Our God, on the other hand, is grace, mercy, compassion, justice, forgiveness, reconciliation and restoration. Our God, through prophets, humanitarians, and good Samaritans alike, is actively working to bring about hope, healing and wholeness in the world. God’s wrath is spoken through the voices of prophets, but the consequences are the result of human wickedness and NOT God.

The good news in all of this is that we serve a God who is EMPATHETIC to our suffering, a God who stands in solidarity with those suffering, rather than an aloof God who simply does not care God who simply doesn not exist. Like Elijah, like Isaiah, like Jeremiah, let us call upon our God in times of distress that we may be given strength to voice God’s anger and wrath, as well as God’s grace, forgiveness and reconciliation, to those who have strayed into wickedness.

THOUGHT OF THE DAY
“The hallmark of intelligence is not whether one believes in God or not, but the quality of the processes that underlie one’s beliefs.” – Alister McGrath

PRAYER
Lord, help me to have the strength to speak against injustice, rather than remain silent. Amen.

What’s Good About That News?

Read Matthew 23; Matthew 25:31-46; Luke 4:16-21

ALSO IN SCRIPTURE
“Jesus said to his disciples, ‘Occasions for stumbling are bound to come, but woe to anyone by whom they come! It would be better for you if a millstone were hung around your neck and you were thrown into the sea than for you to cause one of these little ones to stumble.'” (Luke 17:1-2, NRSV)

What's Good About This News?It’s Tuesday night, October 30, and my family and I were huddled around our kerosene lamp playing Yahtzee, as we still have no power (I am typing this on my iPhone, which has limited and sketchy connectivity) or heat. As we were getting ready to play Yahtzee, our phone rang. My youngest jumped up to answer it, in hopes it was her grandmother calling to wish her a happy birthday. But when she answered the phone, it was a pre-recorded evangelical message from some Christian group.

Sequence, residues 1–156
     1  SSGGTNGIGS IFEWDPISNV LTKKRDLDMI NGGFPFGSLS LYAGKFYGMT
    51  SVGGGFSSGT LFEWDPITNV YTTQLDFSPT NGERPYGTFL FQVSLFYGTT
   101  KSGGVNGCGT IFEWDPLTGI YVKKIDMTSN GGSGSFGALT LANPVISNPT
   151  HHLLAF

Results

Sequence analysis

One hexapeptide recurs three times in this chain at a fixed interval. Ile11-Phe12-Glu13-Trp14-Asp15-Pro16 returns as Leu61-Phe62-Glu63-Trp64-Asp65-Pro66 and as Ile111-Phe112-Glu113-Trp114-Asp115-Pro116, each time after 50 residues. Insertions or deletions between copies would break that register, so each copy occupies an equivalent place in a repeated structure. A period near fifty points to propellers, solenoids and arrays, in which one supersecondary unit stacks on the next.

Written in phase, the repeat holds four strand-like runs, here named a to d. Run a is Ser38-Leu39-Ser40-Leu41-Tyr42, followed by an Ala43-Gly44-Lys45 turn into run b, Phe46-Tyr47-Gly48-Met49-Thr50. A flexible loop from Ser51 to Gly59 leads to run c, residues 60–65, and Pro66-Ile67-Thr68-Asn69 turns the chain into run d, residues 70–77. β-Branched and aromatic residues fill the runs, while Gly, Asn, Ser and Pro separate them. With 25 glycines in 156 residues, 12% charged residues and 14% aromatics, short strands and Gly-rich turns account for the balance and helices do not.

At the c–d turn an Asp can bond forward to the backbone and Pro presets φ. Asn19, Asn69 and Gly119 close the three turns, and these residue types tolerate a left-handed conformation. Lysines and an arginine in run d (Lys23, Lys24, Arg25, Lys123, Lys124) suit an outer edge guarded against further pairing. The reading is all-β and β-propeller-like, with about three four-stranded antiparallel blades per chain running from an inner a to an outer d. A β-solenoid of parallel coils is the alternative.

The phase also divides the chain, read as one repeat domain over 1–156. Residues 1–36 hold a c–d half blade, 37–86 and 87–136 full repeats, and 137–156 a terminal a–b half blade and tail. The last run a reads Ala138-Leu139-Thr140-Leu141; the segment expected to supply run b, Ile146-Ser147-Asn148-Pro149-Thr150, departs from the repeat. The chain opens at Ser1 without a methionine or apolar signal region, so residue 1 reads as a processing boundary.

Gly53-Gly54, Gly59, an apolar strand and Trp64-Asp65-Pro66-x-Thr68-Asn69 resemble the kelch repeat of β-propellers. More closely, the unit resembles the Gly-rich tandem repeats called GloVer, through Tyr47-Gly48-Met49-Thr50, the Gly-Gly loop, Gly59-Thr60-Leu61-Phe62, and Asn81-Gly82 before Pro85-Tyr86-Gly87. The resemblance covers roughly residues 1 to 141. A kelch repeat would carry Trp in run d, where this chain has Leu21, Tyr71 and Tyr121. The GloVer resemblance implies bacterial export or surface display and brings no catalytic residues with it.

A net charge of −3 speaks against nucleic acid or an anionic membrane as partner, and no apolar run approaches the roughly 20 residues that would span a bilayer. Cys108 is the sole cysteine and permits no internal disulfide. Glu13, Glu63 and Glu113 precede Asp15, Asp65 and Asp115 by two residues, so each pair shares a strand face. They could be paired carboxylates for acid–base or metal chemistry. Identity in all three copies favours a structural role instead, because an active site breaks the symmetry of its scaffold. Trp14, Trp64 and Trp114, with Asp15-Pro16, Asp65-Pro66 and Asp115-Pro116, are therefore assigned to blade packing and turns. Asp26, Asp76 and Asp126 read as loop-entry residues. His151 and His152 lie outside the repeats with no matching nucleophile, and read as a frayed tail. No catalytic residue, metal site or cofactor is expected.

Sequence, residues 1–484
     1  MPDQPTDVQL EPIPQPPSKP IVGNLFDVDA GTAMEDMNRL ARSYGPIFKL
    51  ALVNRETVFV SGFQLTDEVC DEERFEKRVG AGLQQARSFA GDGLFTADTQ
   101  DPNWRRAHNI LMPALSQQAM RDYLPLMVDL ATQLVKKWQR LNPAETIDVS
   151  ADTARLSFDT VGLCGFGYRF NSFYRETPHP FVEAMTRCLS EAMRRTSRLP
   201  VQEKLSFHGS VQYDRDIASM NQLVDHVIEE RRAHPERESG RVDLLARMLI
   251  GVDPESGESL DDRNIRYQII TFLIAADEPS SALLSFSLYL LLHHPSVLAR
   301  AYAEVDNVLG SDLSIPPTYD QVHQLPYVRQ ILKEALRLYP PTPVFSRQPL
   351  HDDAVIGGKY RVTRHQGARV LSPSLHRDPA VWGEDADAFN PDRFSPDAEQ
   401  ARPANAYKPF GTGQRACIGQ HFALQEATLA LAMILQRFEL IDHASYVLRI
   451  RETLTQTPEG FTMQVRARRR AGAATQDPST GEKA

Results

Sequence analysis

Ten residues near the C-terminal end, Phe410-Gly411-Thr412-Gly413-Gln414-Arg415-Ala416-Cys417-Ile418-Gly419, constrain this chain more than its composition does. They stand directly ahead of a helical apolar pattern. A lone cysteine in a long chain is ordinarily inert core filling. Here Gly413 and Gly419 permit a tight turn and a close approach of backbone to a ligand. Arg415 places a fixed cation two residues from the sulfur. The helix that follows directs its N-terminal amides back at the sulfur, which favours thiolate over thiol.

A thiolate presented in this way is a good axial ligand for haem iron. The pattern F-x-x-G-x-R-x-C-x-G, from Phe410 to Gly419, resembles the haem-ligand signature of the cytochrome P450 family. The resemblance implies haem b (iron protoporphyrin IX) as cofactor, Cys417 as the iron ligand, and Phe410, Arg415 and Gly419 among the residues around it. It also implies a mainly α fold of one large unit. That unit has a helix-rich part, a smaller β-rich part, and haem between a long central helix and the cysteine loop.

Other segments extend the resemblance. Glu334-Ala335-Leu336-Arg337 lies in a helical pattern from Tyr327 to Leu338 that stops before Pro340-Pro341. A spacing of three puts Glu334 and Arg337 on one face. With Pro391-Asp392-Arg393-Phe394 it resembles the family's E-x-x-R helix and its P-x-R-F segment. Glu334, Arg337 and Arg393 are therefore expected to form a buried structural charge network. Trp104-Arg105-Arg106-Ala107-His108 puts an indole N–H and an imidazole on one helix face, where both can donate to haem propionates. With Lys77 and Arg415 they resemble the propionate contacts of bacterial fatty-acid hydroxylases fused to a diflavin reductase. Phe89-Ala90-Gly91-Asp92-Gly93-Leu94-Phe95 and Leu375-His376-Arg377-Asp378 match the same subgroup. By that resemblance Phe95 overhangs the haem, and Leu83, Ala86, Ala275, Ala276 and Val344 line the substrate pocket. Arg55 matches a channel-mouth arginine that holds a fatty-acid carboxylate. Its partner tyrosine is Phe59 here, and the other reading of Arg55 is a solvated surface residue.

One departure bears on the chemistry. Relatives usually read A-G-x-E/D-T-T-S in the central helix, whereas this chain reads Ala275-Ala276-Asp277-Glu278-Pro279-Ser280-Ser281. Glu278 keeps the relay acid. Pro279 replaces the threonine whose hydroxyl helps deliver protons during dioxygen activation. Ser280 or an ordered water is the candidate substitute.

“Has God given up on America?” It asked. “Come and worship and tell us about your beliefs…”, to which my wife then took the phone and hung it up.

I couldn’t believe it. It was a message targeting people who had just gotten hit with the storm of the century in order to evangelize them, promote their church, and “bring the good news.” But let me ask this, what kind of good news is that?” To people who are dealing with their lives being washed away by a super-storm, how is worshipping at a church going to help them out?

It’s this kind of theological positioning that Jesus himself stood against when the Pharisees were accusing him of working on the Sabbath. It is this kind of stuff that Jesus railed against in his stated woes against the religious leaders of his day and age. There is nothing good about the kind of news that takes advantage of people’s vulnerabilities and fears in order to manipulate and generate a “conversion” response.

Jesus taught us in Matthew 25 and in Luke 4 that his mission was to bring real good news to people. For instance, food is good news for the hungry, water for the thirsty, clothes for the naked, etc. Jesus didn’t hand the blind a scroll with his name and some scripture written on it; rather, he gave them sight. When the woman who committed adultery came to him, he didn’t hand her the Torah, the local synagogue address, while asking her what she believed and whether God had given up on her and Israel; rather, he offered her hope and forgiveness, even despite the fact that she never technically repented.

We, as Christians, have to be careful not to misrepresent the “Good News” and, therefore, misrepresent Christ. Imagine if all the money spent on that phone-calling campaign were given to agencies that are helping families devastated by the hurricane, just imagine what difference that could’ve made. Perhaps that would’ve spread the “good news” as opposed to spreading the erroneous fear of God “giving up” on everyone. Again, what’s good about that news? Remember, Jesus is calling us to be agents of God’s hope, healing and wholeness…not false prophets of the world’s doom.

THOUGHT OF THE DAY
If there is one thing we learn through scripture, even in the tumultuous events of Revelation, God never gives up on people.

PRAYER
Lord, guide me as I seek to represent you, and make me a witness of the hope, healing and wholeness that comes through you. Allow my love-filled actions to bear your good news for those in need. Amen.